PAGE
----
Connor is finishing up his last few days in middle school, has already picked his freshman year classes and will be going out for high school soccer later this summer.  His life is about to get so much more interesting and I want to document this new journey right here, in this place that feels like home, on the blog but I respect him so much.  I ask him in advance if he likes a photo of himself that I want to share online ( and he tells me “no” a lot!) and I am careful to not post anything that could make him feel awkward.

The long periods of “Connor free” blog posts are not because I have ignored him and focused only on Corrigan.  It is not because I love one boy more than another, but it is because I think that at a certain age we have to be deliberate and mindful of the feelings of those we post about.  When is that age exactly?  I am not sure.  Should it be different if the child has a special story to share?  Does that moment occur when they are old enough to tell you “no?”  While I have blogged for nearly a decade now (long before this family blog began) I really have no idea what the rules are, or should be. I am learning as I go.

Does that mean that this blog is primarily a special needs blog then?  I didn’t mean it to be.  I wanted it to be an archive of our total family story but every character in the story needs to feel respected and valued and that their story is protected in the way they see fit. Connor’s story here is controlled by Connor and I understand that…100%

So I post about Corrigan.  A lot.  And yes, when you see another blog post on Facebook you might roll your eyes…another photo of Corrigan on a trampoline? Yipee…but here’s the thing.  Let me be candid.  I might not have Corrigan forever.  Yes, I realize that every day could be each of our last but there is a greater chance than normal that I could bury my youngest child.  If I post 100 photos of Corrigan staring blankly into the camera please understand that each photo is an affirmation that he is still here with me.  And every time I don’t post a photo of Connor it is because I love him enough to value his opinion and honor his wishes.

That doesn’t mean I do not have hundreds of Connor photos in over twenty photo albums and wouldn’t love to share them all with the world.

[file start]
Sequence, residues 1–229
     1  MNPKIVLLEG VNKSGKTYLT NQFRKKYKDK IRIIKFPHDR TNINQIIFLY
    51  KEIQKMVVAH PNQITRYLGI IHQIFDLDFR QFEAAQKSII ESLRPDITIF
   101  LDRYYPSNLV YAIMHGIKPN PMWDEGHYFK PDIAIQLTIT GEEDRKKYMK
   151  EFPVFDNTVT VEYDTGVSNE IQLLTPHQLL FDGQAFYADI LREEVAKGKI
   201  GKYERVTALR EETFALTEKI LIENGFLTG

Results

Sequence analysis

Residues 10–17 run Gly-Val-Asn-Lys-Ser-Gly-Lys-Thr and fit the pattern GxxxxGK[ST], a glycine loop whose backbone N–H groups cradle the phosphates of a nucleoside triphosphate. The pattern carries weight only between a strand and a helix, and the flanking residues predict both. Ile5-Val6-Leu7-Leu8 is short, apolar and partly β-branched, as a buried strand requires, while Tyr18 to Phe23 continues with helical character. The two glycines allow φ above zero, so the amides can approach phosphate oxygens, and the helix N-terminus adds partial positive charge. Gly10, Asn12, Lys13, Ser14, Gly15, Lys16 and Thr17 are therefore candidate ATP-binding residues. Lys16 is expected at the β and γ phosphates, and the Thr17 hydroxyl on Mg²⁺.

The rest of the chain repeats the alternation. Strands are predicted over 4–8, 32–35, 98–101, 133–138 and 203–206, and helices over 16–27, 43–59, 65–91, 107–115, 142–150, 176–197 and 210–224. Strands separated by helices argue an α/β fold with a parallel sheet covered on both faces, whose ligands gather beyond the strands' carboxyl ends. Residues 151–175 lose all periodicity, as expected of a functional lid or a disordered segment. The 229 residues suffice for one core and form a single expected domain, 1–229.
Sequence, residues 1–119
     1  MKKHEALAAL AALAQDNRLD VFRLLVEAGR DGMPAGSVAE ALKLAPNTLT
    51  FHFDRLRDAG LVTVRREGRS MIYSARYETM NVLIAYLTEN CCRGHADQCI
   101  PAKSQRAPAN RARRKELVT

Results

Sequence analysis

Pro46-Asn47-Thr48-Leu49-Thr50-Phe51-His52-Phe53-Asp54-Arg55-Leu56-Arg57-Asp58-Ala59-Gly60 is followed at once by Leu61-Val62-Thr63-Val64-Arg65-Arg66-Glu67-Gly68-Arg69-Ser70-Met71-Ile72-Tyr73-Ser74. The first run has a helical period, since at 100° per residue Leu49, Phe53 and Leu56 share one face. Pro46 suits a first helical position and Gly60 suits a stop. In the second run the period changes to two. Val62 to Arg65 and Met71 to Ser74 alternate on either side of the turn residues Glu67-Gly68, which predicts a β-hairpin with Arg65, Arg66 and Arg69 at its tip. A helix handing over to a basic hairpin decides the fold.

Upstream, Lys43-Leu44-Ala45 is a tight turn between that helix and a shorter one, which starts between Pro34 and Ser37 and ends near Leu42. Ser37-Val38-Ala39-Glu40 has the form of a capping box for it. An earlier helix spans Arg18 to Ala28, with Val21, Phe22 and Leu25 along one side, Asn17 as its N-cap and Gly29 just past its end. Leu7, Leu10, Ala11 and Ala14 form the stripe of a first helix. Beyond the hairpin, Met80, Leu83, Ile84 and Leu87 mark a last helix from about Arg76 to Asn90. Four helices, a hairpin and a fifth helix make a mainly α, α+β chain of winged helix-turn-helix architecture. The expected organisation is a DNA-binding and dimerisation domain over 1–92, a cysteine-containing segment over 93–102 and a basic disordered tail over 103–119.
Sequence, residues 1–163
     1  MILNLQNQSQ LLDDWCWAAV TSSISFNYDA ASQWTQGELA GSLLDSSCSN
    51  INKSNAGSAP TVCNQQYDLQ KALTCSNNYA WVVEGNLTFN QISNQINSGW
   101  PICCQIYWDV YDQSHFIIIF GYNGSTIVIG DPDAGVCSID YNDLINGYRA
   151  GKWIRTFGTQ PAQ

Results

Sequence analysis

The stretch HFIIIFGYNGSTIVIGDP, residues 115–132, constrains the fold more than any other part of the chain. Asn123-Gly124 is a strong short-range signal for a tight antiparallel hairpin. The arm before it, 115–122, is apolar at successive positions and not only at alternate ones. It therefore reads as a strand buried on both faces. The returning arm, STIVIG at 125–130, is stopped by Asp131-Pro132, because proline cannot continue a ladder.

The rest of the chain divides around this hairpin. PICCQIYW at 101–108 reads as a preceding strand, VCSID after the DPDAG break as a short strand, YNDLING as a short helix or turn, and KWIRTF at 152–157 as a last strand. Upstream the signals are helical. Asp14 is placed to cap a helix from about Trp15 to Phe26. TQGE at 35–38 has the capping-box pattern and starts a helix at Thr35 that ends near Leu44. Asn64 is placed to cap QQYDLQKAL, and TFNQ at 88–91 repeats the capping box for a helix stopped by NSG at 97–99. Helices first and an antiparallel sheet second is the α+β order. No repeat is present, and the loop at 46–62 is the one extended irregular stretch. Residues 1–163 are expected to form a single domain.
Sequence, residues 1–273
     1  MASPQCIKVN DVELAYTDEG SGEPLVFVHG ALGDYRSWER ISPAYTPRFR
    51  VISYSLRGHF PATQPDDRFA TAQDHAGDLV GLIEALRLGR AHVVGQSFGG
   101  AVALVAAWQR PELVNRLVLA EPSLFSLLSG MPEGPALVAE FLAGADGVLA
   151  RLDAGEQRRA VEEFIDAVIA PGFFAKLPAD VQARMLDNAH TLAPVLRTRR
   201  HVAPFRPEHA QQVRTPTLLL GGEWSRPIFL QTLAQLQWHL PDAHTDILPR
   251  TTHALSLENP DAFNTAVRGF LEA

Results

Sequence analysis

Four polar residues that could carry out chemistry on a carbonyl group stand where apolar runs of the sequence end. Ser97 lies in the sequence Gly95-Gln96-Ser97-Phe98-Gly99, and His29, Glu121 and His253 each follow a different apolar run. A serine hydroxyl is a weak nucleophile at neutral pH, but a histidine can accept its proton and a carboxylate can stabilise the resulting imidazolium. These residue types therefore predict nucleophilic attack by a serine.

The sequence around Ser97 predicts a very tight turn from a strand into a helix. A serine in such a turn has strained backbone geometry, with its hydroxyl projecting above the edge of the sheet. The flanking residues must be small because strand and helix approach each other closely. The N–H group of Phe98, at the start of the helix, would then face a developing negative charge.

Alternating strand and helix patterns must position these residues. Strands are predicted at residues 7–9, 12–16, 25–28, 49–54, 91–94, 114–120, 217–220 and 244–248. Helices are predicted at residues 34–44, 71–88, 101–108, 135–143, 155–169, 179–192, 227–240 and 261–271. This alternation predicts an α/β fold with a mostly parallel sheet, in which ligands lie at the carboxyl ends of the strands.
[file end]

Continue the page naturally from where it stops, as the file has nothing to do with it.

Did any of this make any sense at all?

All of that being said, I got permission from Connor to post these photos.  I am so proud of this guy.  He is changing so fast right now.  I never did the “door frame growth chart” thing with either of my kids but watching how quickly Connor is growing makes me want to start keeping track.  I swear he grows an inch overnight these days…and his feet? Holy smokes, if he grows into those bad boys he is going to be a very tall man.

Here is the mystery son…and the heck with embarrassing him…the handsome mystery son.  Am I right?

I love this guy.

You would too.

Trust me.

6 thoughts on “Why I do not post a lot about my teenager.

  1. I have met both boys and I can tell you they are both loved very much. Conner is a perfect gentleman. The first time I met him he extended his hand for a shake. How many boys his age do that. This is a great family who has all their priorities straight.

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  2. I for one love both your boys. And their parents as well! Every one of you is a beyond-amazing person filled with love and life!

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  3. Anyone that would think that you love one son more than the other doesn’t know you very well! Umm, he’s almost 14! Hello! LOL
    Oh and the part of all of us and being family! Totally brought tears to my eyes!
    xoxoxoxo

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  4. My oldest son just turned 14 this past week. He also entered middle school when our daughter was born with all of her issues. It is hard to balance everyone’s needs in the family. While I was busy trying to keep my dd alive he was battling the middle school bullies and the loss of innocence (meaning what you are exposed to and hear for the first time). Anyway, don’t know why I said all that but I understand where you are coming from. I don’t post to much about my older kids on my support group forum either because I want to protect their privacy.

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  5. Tears are rolling! At risk of embarrasing Connor, I will keep my comment short and sweet about your wonderful young man. You will be very glad that you gave so much respect to his feelings now, it will be returned to you ten fold as he grows up into the man he will be. I will have to say though, he is one of the most well behaved young men at Church and it is always a joy to see him. You guys have an awesome family!